Child Abuse/Neglect- Indian Head- NSF

W Updated
Mother and Child
Child Neglect Guide for Prevention
Embrace our Child
warning signs of child abuse
Signs and effects of Child Neglect

Installation Listings

Installation Listing Category

Geographical Address

Duty Station(s)
Public Address
4260 Steve's Way Bldg. D328 Indian Head, MD 20640-5110
Postal Code

Contact Info

301-744-6725 / 540-653-1839 / 800-500-4947
Operating Hours
Monday 07:30 - 16:00 Tuesday 07:30 - 16:00 Wednesday 07:30 - 16:00 Thursday 07:30 - 16:00 Friday 07:30 - 16:00 Friday 07:30 - 16:00 Saturday CLOSED Sunday CLOSED All Federal Holidays CLOSED

If you have concerns about a child's welfare or safety, whether at home or in the care of a Department of Defense child or youth program, contact the following for assistance:

  • Your local Family Advocacy Program under the ‘Installation Contacts’ tab on MilitaryINSTALLATIONS
  • Your local child welfare agency, your state's child abuse reporting line or the Childhelp National Child Abuse Hotline at 800-4-A-Child (422-4453). A comprehensive list of child welfare agencies for each state can be found at
  • For concerns about child abuse and/or neglect in a Department of Defense child or youth program or school, call your installation Family Advocacy Program or the Department of Defense Child Abuse and Safety Violation Hotline at 800-790-1197 in the United States or 571-372-5348 overseas. Please note: The DOD Child Abuse and Safety Violation Hotline is for reporting purposes only, and is not a crisis line for help in an emergency.
  • FBI Cyber Tip Line for suspected online child sexual exploitation: If you have concerns a child is being exploited online, call the Cyber Tip Line, operated by the National Center for Missing and Exploited Children, at 800-843-5678.

Call 911 or military law enforcement if you witness abuse or neglect or suspect a child is in imminent danger

Ten Things You Can Do to Prevent Child Abuse

  1. Volunteer your time. Get involved with other parents in your community. Help vulnerable children and their families. Start a playgroup.
  2. Discipline your children thoughtfully. Never discipline your child when you are upset. Give yourself time to calm down. Remember that discipline is a way to teach your child. Use privileges to encourage good behavior and time-outs to help your child regain control.
  3. Examine your behavior. Abuse is not just physical. Both words and actions can inflict deep, lasting wounds. Be a nurturing parent. Use your actions to show children and other adults that conflicts can be settled without hitting or yelling.
  4. Educate yourself and others. Simple support for children and parents can be the best way to prevent child abuse. After-school activities, parent education classes, mentoring programs, and respite care are some of the many ways to keep children safe from harm. Be a voice in support of these efforts in your community.
  5. Teach children their rights. When children are taught they are special and have the right to be safe, they are less likely to think abuse is their fault, and more likely to report an offender.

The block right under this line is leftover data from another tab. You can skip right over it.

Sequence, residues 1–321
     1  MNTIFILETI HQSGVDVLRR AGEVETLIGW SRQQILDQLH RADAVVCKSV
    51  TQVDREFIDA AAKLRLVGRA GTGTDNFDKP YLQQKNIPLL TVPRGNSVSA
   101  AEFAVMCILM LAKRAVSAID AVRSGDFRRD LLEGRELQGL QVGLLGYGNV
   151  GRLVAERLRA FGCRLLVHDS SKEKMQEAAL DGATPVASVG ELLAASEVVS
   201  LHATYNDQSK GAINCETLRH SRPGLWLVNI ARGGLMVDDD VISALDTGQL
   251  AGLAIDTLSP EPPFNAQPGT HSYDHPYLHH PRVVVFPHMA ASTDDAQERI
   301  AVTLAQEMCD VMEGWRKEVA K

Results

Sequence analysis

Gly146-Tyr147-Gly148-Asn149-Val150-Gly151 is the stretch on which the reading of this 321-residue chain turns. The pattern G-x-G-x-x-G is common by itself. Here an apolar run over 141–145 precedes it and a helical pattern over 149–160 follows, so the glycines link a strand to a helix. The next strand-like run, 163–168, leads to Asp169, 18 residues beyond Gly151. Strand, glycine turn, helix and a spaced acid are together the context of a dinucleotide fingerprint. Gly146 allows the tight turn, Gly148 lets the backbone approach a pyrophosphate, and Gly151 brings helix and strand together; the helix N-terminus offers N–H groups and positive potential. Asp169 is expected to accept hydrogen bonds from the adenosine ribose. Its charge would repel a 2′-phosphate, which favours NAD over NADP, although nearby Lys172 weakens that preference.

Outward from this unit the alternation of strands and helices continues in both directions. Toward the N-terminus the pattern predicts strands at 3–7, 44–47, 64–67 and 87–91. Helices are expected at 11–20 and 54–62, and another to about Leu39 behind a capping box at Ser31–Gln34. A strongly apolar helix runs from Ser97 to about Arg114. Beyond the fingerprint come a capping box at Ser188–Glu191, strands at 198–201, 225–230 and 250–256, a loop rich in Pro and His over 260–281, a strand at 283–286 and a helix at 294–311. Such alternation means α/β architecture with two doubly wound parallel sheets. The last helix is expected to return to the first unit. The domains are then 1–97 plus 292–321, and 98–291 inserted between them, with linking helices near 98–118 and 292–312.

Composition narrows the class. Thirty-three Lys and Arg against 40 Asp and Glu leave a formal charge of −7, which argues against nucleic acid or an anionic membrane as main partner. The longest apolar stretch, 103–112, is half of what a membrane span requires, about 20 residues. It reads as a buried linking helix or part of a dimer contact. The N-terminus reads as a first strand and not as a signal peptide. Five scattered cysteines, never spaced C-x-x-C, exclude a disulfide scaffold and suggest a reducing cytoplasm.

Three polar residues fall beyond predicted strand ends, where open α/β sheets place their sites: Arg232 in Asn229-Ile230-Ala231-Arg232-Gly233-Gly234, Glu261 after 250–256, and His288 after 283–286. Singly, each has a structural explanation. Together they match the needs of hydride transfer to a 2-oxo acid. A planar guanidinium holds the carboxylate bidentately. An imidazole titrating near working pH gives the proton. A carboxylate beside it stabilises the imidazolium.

6. Support prevention programs. Too often, intervention occurs only after abuse is reported. Greater investments are needed in programs that have been proven to stop the abuse before it occurs - such as family counseling and home visits by nurses who provide assistance for newborns and their parents.
  7. Know what child abuse is. Physical and sexual abuse clearly constitute maltreatment, but so does neglect, or the failure of parents or other caregivers to provide a child with needed food, clothing, and care. Children can also be emotionally abused when they are rejected, berated, or continuously isolated.
  8. Know the signs. Unexplained injuries aren't the only signs of abuse. Depression, fear of a certain adult, difficulty trusting others or making friends, sudden changes in eating or sleeping patterns, inappropriate sexual behavior, poor hygiene, secrecy, and hostility are often signs of family problems and may indicate a child is being neglected or physically, sexually, or emotionally abused.
  9. Report abuse. If you witness a child being harmed or see evidence of abuse, make a report to your state's child protective services department or local police. When talking to a child about abuse, listen carefully, assure the child that he or she did the right thing by telling an adult, and affirm that he or she is not responsible for what happened.
  10. Invest in kids. Encourage leaders in the community to be supportive of children and families. Ask employers to provide family-friendly work environments. Ask your local and national lawmakers to support legislation to better protect our children and to improve their lives.

Please contact FFSC at NSASP Dahlgren for all services.

Fleet and Family Support Center at Dahlgren

6027 School House Ln, Dahlgren, VA 22448, United States

  • 9am–4pm
  • 9am–4pm
  • 9am–4pm
  • Closed
  • Closed
  • 9am–4pm
  • 9am–4pm

Call # +15406531839


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